Yesterday after running errands, we were reluctant to head directly home and do serious Work on a sunny Saturday afternoon, so first we took a couple of brief driving detours into the surrounding ranch-lands and enjoyed a uniquely lush and verdant north Texas spring outing, luxuriating in the marvels of denser woodlands, fuller runoff creeks and richer grasslands than we’ve yet seen since moving down here. Needless to say, we are reveling in the wealth of meadow and pastureland in the surrounding counties, as are all of the horse and cattle herds that didn’t get sold off or butchered outright to evade starvation and thirst in last year’s drought. It’s a beautiful prospect, this well-watered magic we have right now, and inspires the poetic in one’s spirit no matter how it defies other work.
Far back among the rolling hills, Where prairie grasses sweep and bow
And the sweet wildflower spills Pour down the slope, the Angus cow
Set farthest back along the line Draws up her calf to join the herd,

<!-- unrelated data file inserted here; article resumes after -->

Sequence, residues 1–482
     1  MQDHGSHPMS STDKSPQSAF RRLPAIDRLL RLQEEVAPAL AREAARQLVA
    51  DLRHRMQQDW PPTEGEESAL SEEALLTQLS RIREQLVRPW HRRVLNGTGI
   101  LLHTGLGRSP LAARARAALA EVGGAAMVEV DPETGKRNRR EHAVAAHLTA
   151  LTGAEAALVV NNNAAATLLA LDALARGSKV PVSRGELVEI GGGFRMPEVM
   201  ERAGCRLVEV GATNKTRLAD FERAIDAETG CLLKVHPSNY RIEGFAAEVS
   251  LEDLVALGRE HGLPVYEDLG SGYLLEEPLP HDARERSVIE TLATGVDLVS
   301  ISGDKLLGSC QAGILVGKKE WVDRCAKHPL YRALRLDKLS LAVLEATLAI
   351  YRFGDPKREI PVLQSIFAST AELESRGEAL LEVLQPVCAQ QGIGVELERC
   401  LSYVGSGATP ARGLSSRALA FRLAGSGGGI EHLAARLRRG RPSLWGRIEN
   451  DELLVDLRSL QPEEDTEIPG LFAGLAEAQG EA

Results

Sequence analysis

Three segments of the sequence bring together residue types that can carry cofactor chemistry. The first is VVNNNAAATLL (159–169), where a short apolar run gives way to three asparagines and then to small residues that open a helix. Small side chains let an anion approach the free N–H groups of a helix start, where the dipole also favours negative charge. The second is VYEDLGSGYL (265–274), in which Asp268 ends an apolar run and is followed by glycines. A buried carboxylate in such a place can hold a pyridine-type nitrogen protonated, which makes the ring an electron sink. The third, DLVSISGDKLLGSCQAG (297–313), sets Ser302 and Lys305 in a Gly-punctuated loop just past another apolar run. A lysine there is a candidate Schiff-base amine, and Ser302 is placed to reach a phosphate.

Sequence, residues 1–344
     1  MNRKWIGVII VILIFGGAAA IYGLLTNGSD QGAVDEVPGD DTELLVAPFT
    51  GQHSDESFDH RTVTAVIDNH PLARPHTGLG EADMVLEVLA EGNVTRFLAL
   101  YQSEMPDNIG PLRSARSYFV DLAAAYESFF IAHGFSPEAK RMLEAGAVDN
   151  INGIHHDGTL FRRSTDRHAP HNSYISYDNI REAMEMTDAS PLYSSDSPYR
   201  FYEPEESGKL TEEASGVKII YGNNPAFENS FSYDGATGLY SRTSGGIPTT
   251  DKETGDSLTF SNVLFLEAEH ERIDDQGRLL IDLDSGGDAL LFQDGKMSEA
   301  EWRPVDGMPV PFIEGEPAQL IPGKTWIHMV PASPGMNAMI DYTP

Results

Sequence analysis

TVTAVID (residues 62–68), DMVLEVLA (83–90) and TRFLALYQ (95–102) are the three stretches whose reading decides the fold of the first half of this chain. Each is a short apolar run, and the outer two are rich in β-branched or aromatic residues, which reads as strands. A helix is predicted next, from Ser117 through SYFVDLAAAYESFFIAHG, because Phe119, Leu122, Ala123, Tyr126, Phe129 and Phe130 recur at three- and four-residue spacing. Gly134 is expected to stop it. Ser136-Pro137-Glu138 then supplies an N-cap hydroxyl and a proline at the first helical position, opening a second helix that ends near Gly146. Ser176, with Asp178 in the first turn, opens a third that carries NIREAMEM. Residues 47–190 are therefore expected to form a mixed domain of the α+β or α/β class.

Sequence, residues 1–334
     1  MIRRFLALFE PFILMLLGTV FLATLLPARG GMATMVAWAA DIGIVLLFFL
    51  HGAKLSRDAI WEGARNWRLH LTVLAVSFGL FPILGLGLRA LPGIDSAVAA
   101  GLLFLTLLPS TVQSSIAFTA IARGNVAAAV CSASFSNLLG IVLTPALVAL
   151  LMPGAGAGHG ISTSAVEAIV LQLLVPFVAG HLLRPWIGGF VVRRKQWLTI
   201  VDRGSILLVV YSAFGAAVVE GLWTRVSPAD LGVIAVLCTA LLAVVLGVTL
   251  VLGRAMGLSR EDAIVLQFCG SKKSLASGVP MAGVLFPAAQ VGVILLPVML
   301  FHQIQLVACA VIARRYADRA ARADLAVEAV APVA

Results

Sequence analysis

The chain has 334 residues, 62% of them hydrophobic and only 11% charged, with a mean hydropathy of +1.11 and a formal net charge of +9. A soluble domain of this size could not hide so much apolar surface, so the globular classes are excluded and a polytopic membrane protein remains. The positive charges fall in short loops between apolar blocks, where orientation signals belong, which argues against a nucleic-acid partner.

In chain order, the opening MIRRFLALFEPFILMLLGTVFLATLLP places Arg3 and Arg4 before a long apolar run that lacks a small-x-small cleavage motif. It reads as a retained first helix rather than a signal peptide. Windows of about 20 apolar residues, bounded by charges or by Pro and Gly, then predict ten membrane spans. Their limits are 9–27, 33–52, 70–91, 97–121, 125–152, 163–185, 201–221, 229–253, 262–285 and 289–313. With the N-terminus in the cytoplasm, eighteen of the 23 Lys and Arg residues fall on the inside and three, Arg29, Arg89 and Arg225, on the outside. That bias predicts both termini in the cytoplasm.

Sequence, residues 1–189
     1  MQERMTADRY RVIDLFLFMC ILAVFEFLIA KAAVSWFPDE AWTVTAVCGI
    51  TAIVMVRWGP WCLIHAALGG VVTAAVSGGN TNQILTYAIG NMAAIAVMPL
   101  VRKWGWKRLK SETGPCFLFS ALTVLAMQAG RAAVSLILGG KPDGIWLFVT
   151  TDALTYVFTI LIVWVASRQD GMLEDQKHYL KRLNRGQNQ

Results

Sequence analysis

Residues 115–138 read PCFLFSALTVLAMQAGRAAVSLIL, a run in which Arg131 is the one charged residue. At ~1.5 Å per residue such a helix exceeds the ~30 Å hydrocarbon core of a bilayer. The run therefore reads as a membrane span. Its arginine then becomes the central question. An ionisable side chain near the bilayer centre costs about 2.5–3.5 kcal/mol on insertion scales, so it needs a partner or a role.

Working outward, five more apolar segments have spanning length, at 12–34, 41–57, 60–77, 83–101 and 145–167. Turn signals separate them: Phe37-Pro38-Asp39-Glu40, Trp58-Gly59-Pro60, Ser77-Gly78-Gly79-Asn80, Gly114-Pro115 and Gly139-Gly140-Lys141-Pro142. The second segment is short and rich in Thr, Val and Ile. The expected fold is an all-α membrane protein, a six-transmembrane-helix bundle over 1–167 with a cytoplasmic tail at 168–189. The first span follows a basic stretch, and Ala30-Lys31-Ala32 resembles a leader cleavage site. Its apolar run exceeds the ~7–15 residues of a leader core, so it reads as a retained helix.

Slow-swaying, toward a stand of pine; The rancher there, without a word,
Appears to bring an evening feed, And all the cattle on the clock
That balances content with need, Some time before, began this walk . . .
The faintest glint of sidelong rays Begins to tint the brush with gold
The way late Spring colors her days, As if instead of growing old
She’s only burnishing her tone The more to show her graciousness,
Inviting birds that fly alone To join a choir whose notes confess
A radiant love of living things, Of all that’s sweet and warm and new,
Of leggy calves, of seed that brings That grass now banking up the slough . . .
The cattle walk, now, in their line, Their black flanks shaded in the dusk
With blue-tinged shadows, as a fine Light scent arises like a musk
From all their footsteps tapped in clay, Veils of the thinnest dust laid low
Between the sorghum rows’ array And that tall hayfield yet to mow,
And not one calf among them all Drifts off the center of the trail,
Because they sense their supper-call As sure as seasons never fail . . .